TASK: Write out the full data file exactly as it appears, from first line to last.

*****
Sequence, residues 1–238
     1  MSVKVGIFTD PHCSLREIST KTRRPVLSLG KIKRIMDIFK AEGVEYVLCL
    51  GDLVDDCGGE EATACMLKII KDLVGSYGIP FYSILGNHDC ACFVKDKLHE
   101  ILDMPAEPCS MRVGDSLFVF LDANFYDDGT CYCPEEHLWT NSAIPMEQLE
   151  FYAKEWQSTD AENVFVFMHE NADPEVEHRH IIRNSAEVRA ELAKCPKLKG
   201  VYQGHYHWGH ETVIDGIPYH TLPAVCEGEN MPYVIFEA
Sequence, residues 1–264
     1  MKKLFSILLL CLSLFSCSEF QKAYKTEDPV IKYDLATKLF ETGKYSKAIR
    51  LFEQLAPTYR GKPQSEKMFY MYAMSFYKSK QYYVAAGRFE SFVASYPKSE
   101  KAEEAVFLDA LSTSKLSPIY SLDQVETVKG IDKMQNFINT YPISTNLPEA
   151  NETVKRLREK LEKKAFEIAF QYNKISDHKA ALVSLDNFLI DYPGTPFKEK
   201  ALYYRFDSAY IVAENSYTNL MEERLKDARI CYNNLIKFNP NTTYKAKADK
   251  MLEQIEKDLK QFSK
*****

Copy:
Sequence, residues 1–238
     1  MSVKVGIFTD PHCSLREIST KTRRPVLSLG KIKRIMDIFK AEGVEYVLCL
    51  GDLVDDCGGE EATACMLKII KDLVGSYGIP FYSILGNHDC ACFVKDKLHE
   101  ILDMPAEPCS MRVGDSLFVF LDANFYDDGT CYCPEEHLWT NSAIPMEQLE
   151  FYAKEWQSTD AENVFVFMHE NADPEVEHRH IIRNSAEVRA ELAKCPKLKG
   201  VYQGHYHWGH ETVIDGIPYH TLPAVCEGEN MPYVIFEA
Sequence, residues 1–264
     1  MKKLFSILLL CLSLFSCSEF QKAYKTEDPV IKYDLATKLF ETGKYSKAIR
    51  LFEQLAPTYR GKPQSEKMFY MYAMSFYKSK QYYVAAGRFE SFVASYPKSE
   101  KAEEAVFLDA LSTSKLSPIY SLDQVETVKG IDKMQNFINT YPISTNLPEA
   151  NETVKRLREK LEKKAFEIAF QYNKISDHKA ALVSLDNFLI DYPGTPFKEK
   201  ALYYRFDSAY IVAENSYTNL MEERLKDARI CYNNLIKFNP NTTYKAKADK
   251  MLEQIEKDLK QFSK